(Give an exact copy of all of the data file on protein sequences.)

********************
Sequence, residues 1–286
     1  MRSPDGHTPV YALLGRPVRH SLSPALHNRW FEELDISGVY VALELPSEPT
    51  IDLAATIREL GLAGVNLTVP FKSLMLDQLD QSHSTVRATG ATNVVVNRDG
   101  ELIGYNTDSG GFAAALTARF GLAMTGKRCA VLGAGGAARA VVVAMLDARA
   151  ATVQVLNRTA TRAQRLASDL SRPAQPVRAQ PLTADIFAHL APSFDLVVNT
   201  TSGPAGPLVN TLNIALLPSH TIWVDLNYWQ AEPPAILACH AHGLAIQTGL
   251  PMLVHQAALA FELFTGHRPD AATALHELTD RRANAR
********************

Sequence, residues 1–286
     1  MRSPDGHTPV YALLGRPVRH SLSPALHNRW FEELDISGVY VALELPSEPT
    51  IDLAATIREL GLAGVNLTVP FKSLMLDQLD QSHSTVRATG ATNVVVNRDG
   101  ELIGYNTDSG GFAAALTARF GLAMTGKRCA VLGAGGAARA VVVAMLDARA
   151  ATVQVLNRTA TRAQRLASDL SRPAQPVRAQ PLTADIFAHL APSFDLVVNT
   201  TSGPAGPLVN TLNIALLPSH TIWVDLNYWQ AEPPAILACH AHGLAIQTGL
   251  PMLVHQAALA FELFTGHRPD AATALHELTD RRANAR